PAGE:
O&G services players seek clarity on energy future


PLAYERS in the oil and gas (O&G) services sector are still figuring out the direction of the country’s energy transition plan, which could guide the industry towards a more synergistic process in charting the course for a zero-carbon future in tandem with the global trend.

Malaysian Oil and Gas Services Council (MOGSC) president Sharifah Zaida Nurlisha Syed Ibrahim said more clarity on the issue could be furnished by major players in the field, along with other relevant stakeholders.

She said local O&G services companies are committed to finding and delivering the best solutions for the industry according to the country’s aspiration of future energy production and consumption.

“We are ready, but we need to know what Malaysia is doing, not what the world is doing. We are business entities.

“We will move with the change, but what is the change? That is always the major question,” Sharifah Zaida said in an executive panel session at the inaugural virtual Re-Imagining Malaysia Assets (Reset) 2021 Conference yesterday.

She said parties that are responsible to chart the country’s energy future should be more upfront about the direction to gain support from the industry players.

She added that local O&G services companies are global players and MOGSC can facilitate business-to-business networking and partnership, to look out for the best available technologies and research around the world.

“Be upfront, so that we can walk together because in order for you to make that change, you need the industry for support. If you do not share upfront, the moment you want to move, you can say nobody is supporting you and Malaysia does not have the capability.

“But that is not the case. We are a mature market. The service providers have been here for a long time,” she said.

ExxonMobil Exploration and Production Malaysia Inc president Edward Graham said O&G companies always need to find ways to be cost-competitive as the energy industry is transitioning to renewables and low carbon solutions.

He said the world’s population continues to grow from seven billion to nine billion people by 2040 and this would result in an expected increase in total energy consumption by 25%, and renewables will be a critical part of the energy mix that need to grow exponentially.

Petroliam Nasional Bhd (Petronas) executive VP and CEO of upstream Adif Zulkifli said in a keynote address that O&G will continue to make up a significant portion of the energy mix although on a declining trend from about 54% in 2018 to around 47% by 2040 on the growth of renewables.

He said the industry saw the accelerated pace of energy transition, with an increased focus on clean and sustainable sources of energy on the back of increased concerns on climate change and intensified efforts by governments and institutions to address the matter.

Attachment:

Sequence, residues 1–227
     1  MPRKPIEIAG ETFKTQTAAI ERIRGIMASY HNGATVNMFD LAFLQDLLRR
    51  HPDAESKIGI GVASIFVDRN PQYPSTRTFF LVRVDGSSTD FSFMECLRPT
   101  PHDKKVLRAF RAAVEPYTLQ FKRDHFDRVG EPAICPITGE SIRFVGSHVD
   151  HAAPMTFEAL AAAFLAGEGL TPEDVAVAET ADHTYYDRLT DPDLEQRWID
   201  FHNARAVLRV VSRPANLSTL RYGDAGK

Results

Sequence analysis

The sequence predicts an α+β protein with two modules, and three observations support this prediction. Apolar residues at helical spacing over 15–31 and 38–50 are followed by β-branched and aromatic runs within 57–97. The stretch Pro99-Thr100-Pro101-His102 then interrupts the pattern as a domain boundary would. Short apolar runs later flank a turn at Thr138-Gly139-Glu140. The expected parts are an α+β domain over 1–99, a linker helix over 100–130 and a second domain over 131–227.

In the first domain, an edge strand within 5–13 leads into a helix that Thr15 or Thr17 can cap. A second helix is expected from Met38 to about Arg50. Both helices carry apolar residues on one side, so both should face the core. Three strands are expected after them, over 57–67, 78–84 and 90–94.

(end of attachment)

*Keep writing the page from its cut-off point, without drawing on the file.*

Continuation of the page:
He said Petronas has started to reimagine a future where operations can be done remotely, while exploring ways to reduce costs with the use of innovation such as the subsea factory concept.

“Technology and digitalisation which for so long have been advocated as agents of change for the future must be embraced and implemented now.

“They represent the best chance for us the O&G industry to survive and remain relevant and competitive,” Adif said.

He said the adoption of software-as-a-service and infrastructure-as-a-service solutions have improved the efficiency of our field development plan studies up to 30%.

Petronas is also implementing projects for zero continuous venting and flaring of hydrocarbons at its upstream assets, with an estimated total projected greenhouse gas reduction of approximately two million tCO2e/year (tonnes of carbon dioxide equivalent per year) and total gas recovery projection of about 33 MMscfd (million standard cu ft per day).

He said the upstream sector saw significant cuts in capital expenditure with spending below approximately US$400 billion (RM1.6 trillion) last year, less than half the peak in 2014, with companies having to make important decisions to remain resilient by keeping costs low and margins intact.

Malaysia is expected to launch the National Energy Policy (NEP) in the second half of 2021 (2H21), with the transition to a low carbon future in mind.

Reset 2021 is hosted by Petronas and organised by the Society of Petroleum Engineers Kuala Lumpur, in collaboration with MOGSC and Informa Markets.

The four-day event provides insights into the major trends that will drive change and transformation within the O&G industry, setting a new dimension for the advanced technology effort.

Read our previous report here

Oil and gas to remain a significant portion of energy mix, says Petronas